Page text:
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Law and Order Politics is a lie

 
 
parados
 
  1  
Reply Wed 29 Nov, 2006 01:48 pm
LoneStarMadam wrote:
LoneStarMadam wrote:
ebrown_p wrote:
LoneStarMadam wrote:

I absolutely agree with our immigration laws, but unfortunately, about 12 to 20,000,000 mexicans do not agree with those laws, so they break them willy nilly.


Lone Star Madam. New Jersey schools were recently ordered to stop their practice of asking the students in their schools if they were illegal immigrants. They were forced to stop because it is illegal to ask a student her immigration status (since the law guarantees public education for every child living in the US).

Do you absolutely agree with this immigration law? or do you agree that the law against asking students their immigrantion status should be broken willy nilly?


Thjat isn't surprising since our LE in many cities are forbidden to ask for someones citizenship status. All it does is make it much easier for the illegal aliens to keep breaking the law.


State laws can not trump federal law, so the law you speak of, is, well, unlawful. I believe in states rights 100%, but I don't make the laws, so, NJ is wrong.

Which law requires schools to check for immigrant status? The Feds can't do that and there is no law. Such a law would be quickly found unconstitional.
0 Replies
 
okie
 
  1  
Reply Wed 29 Nov, 2006 02:32 pm
ebrown, uh, maybe a dumb question, but why should law abiding U.S. citizens pay taxes to educate non-citizens? This is very bizarre.
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FreeDuck
 
  1  
Reply Wed 29 Nov, 2006 02:37 pm
Because it's the law?

<snort>
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Setanta
 
  1  
Reply Wed 29 Nov, 2006 03:45 pm
The premise of this thread is naive. Nixon made "law an order" a political football. The New Left, and their "hippy" adherents laughed at him, and made cartoons of dog turds on lawns with the caption "lawn odor," and sold posters which quoted Adolf Hitler on the subject of law and order.

But they were being stupid, and politically naive. The 1960s had seen race riots in Chicago, Detroit, Los Angeles and Washington, among many other cities. In 1968, S. I. Hayakawa was appointed President of San Francisco State College (now SF State University), and became well-known nationally, and popular, because of his hard-nosed approach to student demonstrations. In particular, during student strikes after the assassination of Martin Luther King in 1968, he became famous on the evening news for climbing onto a truck and literally pulling the plug on the public address system at a student rally. His popularity was sufficient that he was elected to the U.S. Senate in 1976, three years after he left SF State.

In 1970, in the aftermath of the Kent State shootings, more than 500 universities and colleges in the United States shut down. That was not the end of it either--riots at Southern Illinois University lead the President of the University, Delight Morris, to call on the governor to send the National Guard, and he finished by expelling the entire student body.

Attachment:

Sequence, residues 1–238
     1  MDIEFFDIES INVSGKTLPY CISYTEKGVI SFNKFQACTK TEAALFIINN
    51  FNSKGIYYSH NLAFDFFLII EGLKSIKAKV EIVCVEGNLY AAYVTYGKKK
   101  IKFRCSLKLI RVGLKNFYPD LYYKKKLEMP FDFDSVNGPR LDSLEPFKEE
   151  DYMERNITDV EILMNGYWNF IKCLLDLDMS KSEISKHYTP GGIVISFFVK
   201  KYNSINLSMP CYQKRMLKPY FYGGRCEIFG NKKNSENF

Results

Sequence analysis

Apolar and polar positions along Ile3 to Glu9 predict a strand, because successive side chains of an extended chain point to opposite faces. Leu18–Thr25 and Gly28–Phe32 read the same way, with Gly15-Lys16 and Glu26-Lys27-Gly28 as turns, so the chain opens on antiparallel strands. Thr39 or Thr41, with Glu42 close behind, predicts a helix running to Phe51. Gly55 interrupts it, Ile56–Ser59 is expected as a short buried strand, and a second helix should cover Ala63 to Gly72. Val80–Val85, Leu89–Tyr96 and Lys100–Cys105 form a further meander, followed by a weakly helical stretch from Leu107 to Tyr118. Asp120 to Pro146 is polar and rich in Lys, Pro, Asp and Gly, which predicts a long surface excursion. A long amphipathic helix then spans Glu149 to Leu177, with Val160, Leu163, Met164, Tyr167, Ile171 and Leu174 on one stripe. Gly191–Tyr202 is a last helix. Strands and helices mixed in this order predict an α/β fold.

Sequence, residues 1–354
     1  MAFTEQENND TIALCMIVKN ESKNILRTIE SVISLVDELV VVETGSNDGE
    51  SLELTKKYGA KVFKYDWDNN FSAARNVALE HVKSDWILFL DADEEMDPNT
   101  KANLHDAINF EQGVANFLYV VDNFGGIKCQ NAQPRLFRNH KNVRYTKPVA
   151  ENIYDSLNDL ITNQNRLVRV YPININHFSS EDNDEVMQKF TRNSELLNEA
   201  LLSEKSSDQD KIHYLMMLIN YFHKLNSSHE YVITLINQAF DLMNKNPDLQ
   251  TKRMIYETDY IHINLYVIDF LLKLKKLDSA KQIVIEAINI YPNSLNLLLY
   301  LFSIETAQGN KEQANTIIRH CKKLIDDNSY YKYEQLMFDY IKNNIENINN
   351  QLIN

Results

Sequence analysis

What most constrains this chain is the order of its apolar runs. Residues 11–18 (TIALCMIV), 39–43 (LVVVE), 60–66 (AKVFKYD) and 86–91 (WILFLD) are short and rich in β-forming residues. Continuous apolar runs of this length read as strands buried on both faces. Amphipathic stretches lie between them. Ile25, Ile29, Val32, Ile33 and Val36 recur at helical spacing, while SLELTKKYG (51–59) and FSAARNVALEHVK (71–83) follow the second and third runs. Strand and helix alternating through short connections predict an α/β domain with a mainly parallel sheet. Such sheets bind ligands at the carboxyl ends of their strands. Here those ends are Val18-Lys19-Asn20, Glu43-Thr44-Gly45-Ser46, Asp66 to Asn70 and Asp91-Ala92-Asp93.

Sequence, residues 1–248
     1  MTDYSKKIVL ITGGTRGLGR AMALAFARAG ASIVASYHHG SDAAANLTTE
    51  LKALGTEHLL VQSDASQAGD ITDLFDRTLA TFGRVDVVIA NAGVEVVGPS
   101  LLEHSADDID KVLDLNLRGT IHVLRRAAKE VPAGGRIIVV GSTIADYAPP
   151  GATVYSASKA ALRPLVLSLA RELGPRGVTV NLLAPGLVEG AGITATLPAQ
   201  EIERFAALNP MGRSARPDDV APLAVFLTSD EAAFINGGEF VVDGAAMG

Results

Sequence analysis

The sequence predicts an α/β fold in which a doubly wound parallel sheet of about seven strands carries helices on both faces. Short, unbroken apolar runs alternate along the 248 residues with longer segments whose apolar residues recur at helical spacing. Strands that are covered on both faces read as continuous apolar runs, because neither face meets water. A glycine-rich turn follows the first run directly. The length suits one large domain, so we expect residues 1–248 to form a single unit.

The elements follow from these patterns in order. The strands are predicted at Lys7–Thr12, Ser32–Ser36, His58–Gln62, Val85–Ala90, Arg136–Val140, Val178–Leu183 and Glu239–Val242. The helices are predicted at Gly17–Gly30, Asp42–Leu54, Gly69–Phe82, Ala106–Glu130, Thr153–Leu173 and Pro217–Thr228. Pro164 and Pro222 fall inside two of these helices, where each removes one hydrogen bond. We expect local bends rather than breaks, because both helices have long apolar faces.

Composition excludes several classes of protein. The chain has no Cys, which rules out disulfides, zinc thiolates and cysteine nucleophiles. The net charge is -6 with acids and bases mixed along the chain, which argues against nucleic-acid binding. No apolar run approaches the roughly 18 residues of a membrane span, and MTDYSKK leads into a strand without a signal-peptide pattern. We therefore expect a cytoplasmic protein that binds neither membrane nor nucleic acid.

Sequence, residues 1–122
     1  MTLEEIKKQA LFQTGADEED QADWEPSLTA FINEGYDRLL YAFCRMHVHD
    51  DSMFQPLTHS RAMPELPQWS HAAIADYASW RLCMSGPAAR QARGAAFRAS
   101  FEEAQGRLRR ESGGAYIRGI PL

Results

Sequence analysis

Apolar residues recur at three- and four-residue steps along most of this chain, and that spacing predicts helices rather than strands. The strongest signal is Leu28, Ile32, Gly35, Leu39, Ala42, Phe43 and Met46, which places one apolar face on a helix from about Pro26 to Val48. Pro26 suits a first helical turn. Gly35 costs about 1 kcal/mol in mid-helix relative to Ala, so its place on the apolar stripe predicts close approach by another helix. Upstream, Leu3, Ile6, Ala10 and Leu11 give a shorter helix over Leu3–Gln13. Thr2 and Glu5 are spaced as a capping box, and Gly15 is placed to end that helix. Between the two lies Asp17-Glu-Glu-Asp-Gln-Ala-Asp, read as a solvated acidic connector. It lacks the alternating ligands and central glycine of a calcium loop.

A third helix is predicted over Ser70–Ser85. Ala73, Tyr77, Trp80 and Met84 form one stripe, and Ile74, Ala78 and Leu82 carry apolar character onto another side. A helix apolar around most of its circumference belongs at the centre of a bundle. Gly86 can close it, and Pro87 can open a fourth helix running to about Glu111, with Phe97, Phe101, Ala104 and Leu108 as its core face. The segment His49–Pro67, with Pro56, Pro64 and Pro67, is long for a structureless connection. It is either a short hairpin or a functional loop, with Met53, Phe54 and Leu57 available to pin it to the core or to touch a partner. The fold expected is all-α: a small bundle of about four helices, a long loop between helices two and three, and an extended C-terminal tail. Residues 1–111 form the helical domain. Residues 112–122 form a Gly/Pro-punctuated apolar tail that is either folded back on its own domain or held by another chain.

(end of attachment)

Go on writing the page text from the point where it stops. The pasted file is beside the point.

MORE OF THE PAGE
For however much such actions were deplored by the left, they profoundly affected the opinions of the generation of the parents of university students. When Nixon campaigned on a "law and order" platform, and an appeal to the so-called silent majority, he was ridiculed by people on the left, and even by many centrist commentators. Then in November, he absolutely buried George McGovern, garnering more than 18,000,000 more votes than his opponent, and taking 60% of the vote, and all but 18 of the electoral votes. All the charges which grew out of the Watergate debacle, and the fact of the lowest voter turn out in many, many years did not change the facts as politicians understood them--Nixon's law and order slogans had been magic for him.

Appeals to law and order have been, rightfully, seen by politicians ever since as sure winners. Republican or Democrat, no one is going to ridicule an opponent for a law and order platform, and nobody will want to be seen as "soft on crime."

To complain about that is politically naive.
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fishin
 
  1  
Reply Wed 29 Nov, 2006 06:17 pm
parados wrote:
Which law requires schools to check for immigrant status? The Feds can't do that and there is no law. Such a law would be quickly found unconstitional.


I'm waiting for a legal citation that says that schools can't ask. The original lawsuit that started all of this was PLYLER v. DOE but no where in the decision did the Supreme Court say that the immigration status couldn't be checked. They did say that illegal immigrants had to be admitted to public schools but they never said that the schools still couldn't ask for the student''s immigration status. Some states (I know NY for sure) have either laws or rules (NY's is a rule issued by the State Education Commissioner - not a law) but I haven't found any Federal law or court ruling that bars schools from asking.
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Cycloptichorn
 
  1  
Reply Wed 29 Nov, 2006 06:22 pm
Why ask, if you have to admit anyways?

Cycloptichorn
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fishin
 
  1  
Reply Wed 29 Nov, 2006 07:26 pm
Because the numbers could possibly effect the amount of state and/or federal aid the school district gets, identify necessary changes in staffing levels or skillsets, etc..
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